The wikis are now using the new authentication system.
If you did not migrate your account yet, visit https://idp-portal-info.suse.com/

Java/jboss

Şuraya atla: kullan, ara

How to use JBoss 3.2.5 with the Eclipse WTP plugin

This how-to only describes how to integrate JBoss 3.2.5 into the Eclipse WTP plugin, NOT what WTP does or how to use WTP.

The wtp project extends the Eclipse platform with tools for developing J2EE Web applications. The WTP project includes the following tools: source editors for HTML, Javascript, CSS, JSP, SQL, XML, DTD, XSD, and WSDL; graphical editors for XSD and WSDL; J2EE project natures, builders, and models and a J2EE navigator; a Web service wizard and explorer, and WS-I Test Tools; and database access and query tools and models.

After you have installed the WTP plugin ( instructions here ) and start Eclipse you will realize that you can not add JBoss 3.2.5 (included in SL10.0 and SL10.1) as a web server.

This how-to will show what steps are necessary in order to use JBoss 3.2.5 with the Eclipse WTP 1.0

This tutorial and the provided files were shamelessly -- but with permission -- copied from an article of Mark Szulc's homepage who created it with the help of David O'Hanlon ... thanks to both of them for their work and for the permission to copy it here! The original address is: http://www.markszulc.com/articles/EclipseWTPJBoss.html

Short version

If you are somewhat nervous and you want it working NOW, just follow this short version of the article. Note however, that it will overwrite a few files of the original plugins and that the plugin probably lacks some of its original web server capabilities. Especially when using a WTP version > 1.0 you should rather follow the #How to build a JBOSS 3.2.5 Server Definition for Eclipse Web Tools Platform section, as it does not delete any information but describes how to only add new information for JBoss 3.2.5 usage!


Preparation

Make sure your Eclipse Environment is closed before starting!
  • Download this tar archive to /tmp
  • Become root and change directory to the serverdefinition directory of the WTP plugin:
su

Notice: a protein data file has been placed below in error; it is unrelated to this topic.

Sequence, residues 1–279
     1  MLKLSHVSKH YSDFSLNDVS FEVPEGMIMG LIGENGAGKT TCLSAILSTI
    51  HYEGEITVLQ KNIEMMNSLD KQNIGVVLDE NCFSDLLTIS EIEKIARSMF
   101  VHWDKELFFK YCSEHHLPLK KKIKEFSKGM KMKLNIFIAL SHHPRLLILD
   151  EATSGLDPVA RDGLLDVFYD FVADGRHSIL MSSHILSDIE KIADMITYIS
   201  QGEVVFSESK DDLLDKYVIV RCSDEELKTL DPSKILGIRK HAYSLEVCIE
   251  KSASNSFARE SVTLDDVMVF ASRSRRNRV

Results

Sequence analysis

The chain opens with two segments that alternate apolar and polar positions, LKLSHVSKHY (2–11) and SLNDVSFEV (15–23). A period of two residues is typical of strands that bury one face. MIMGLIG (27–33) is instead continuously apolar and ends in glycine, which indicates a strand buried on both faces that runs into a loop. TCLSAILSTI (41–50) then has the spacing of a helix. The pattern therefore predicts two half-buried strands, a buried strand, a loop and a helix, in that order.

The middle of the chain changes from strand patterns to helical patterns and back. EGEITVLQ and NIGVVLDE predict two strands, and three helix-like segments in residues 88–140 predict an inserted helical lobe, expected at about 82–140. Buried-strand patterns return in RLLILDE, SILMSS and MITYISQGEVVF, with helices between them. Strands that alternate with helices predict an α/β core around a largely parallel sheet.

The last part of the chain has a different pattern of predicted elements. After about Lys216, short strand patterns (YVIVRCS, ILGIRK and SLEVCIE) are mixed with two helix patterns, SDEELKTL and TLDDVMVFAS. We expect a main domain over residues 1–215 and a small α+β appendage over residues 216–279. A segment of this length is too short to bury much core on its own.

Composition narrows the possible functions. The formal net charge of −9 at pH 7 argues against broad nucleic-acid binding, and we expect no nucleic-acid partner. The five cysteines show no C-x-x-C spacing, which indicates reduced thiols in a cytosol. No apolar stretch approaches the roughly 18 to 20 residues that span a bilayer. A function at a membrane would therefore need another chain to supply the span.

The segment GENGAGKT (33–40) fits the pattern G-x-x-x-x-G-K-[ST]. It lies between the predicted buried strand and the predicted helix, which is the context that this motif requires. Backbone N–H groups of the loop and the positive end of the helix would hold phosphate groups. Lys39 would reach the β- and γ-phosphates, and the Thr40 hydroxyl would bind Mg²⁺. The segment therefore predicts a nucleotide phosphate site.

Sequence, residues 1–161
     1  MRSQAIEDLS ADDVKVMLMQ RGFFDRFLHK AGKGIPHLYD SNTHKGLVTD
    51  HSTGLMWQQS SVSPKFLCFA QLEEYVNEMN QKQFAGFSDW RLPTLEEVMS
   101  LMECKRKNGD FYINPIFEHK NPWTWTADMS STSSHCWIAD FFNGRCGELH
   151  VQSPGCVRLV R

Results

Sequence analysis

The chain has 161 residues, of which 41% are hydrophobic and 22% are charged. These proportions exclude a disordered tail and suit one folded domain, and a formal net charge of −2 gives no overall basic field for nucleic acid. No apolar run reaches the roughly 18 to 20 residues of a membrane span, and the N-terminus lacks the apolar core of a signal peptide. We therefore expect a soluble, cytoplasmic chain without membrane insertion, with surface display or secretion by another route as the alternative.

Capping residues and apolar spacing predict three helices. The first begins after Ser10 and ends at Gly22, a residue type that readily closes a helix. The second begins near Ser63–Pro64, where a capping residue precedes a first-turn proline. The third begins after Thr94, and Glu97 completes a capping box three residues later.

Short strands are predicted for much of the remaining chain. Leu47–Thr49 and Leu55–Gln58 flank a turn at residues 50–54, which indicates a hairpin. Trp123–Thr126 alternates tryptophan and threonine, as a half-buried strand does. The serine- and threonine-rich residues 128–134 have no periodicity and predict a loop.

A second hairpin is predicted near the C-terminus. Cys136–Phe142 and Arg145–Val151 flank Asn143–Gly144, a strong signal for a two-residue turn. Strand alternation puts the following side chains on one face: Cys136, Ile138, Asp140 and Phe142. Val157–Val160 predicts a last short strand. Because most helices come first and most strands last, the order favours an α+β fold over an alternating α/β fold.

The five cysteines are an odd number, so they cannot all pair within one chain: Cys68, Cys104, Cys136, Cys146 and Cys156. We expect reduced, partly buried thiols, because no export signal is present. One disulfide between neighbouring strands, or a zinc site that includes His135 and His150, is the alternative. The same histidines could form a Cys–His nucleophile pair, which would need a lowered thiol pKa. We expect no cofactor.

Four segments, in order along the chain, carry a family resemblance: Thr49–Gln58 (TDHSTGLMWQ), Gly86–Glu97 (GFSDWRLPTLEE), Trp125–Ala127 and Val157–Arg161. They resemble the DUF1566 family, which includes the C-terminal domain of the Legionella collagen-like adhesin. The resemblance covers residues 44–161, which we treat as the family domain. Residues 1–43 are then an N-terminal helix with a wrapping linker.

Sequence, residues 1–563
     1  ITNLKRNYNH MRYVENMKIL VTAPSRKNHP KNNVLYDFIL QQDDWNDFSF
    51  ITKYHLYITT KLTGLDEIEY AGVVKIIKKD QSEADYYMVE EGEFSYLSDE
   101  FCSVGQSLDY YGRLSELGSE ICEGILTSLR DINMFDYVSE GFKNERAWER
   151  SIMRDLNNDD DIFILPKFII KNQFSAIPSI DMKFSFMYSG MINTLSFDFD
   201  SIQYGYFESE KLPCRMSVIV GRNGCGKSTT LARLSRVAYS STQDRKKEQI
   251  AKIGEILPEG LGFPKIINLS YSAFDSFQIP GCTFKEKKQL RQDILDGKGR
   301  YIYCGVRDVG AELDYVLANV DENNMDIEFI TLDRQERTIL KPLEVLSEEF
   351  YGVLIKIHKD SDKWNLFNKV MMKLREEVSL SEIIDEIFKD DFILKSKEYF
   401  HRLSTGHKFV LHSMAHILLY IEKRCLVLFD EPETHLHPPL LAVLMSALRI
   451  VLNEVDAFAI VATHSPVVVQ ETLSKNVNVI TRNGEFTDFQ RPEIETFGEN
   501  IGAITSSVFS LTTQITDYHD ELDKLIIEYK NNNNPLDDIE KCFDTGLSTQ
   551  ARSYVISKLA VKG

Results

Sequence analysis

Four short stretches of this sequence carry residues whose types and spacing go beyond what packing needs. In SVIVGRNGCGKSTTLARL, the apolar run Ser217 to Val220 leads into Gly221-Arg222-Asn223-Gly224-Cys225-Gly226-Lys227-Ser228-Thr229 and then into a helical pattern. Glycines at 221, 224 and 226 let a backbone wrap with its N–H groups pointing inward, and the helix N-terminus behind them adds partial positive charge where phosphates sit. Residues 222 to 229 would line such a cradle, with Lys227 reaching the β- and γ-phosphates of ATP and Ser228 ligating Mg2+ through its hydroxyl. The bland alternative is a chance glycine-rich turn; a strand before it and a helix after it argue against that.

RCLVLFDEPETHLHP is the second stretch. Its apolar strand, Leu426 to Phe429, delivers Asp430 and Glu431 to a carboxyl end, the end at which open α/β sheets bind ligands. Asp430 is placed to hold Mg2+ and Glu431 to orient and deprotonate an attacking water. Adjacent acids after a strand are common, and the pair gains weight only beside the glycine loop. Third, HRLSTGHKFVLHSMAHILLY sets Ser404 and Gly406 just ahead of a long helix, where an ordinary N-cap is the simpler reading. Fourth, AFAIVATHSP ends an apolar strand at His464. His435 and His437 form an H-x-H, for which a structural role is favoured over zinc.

cd /usr/share/eclipse/plugins/org.eclipse.jst.server.generic.serverdefinitions*
  • In order to be able to rollback to the original configuration make a backup of the original files in this directory:
tar -jcf backup.tar.bz2 * 

... so, in order to recreate the original configuration, you would have to change to the directory again and unpack this backup file:

cd /usr/share/eclipse/plugins/org.eclipse.jst.server.generic.serverdefinitions*
tar -jxf backup.tar.bz2 
  • Now (still in the /usr/share/eclipse/plugins/org.eclipse.jst.server.generic.serverdefinitions* directory), call
tar -jxf /tmp/jboss325-files.bz2

Konfiguration

  • start eclipse with the clean option:
eclipse -clean
  • in Eclipse open the preferences dialog under "Window/Preferences", and
  • go to "Server/Installed Runtime Environments".
  • press the "Add" button and select JBoss 3.2.5:

Jboss-selection.png

  • press "Next"
  • adjust the configuration as shown in the following image:

Jboss-eclipse-wdt-properties.png

  • Press "Finish" and check the checkbox of the created JBoss 3.2.5 entry

... your JBoss 3.2.5 was now added as a server runtime.

Now, to the original article, which describes step by step what has to be done in order to add JBoss 3.2.5 manually:

How to build a JBOSS 3.2.5 Server Definition for Eclipse Web Tools Platform

original article by Mark Szulc with minor updates provided by David O'Hanlon

Summary

The Web Tools Platform (WTP) comes with a number of Server Defintions representing J2EE application servers. The server defintion for JBoss is only for version 3.2.3 [...]. This document describes how to create a new server definition for JBoss 3.2.5 which WTP can use as an application server.

Information

The Server Defintion files for WTP are stored in the eclipse plugins folder under the
/usr/share/eclipse/plugins/org.eclipse.jst.server.generic.serverdefinitions_<version_number>
sub-folder. This sub-folder contains all server definitions and associated files to allow WTP/Eclipse to include a specific Java application server during J2EE development.

Creating a new server definition for JBoss 3.2.5 will require the following new files:

   * servers/jboss325.serverdef
   * buildfiles/jboss325.xml

Additional, the following files must be modified

   * plugin.properties
   * plugin.xml
Make sure your Eclipse Environment is closed before changing the server definitions!

Download Sample Source Definition: jboss325-files.tar.bz2

Instructions:

Modify plugin.properties

The plugin.properties file provides a location to store static string values for labels, etc. Add the following lines after the jboss323 section:

# ============ jboss325 ====================

jboss325runtimeTypeName=Generic JBoss 3.2.5
jboss325runtimeTypeDescription= Generic JBoss 3.2.5 runtime

jboss325serverTypeName=Generic JBoss 3.2.5
jboss325serverTypeDescription=Generic JBoss 3.2.5 server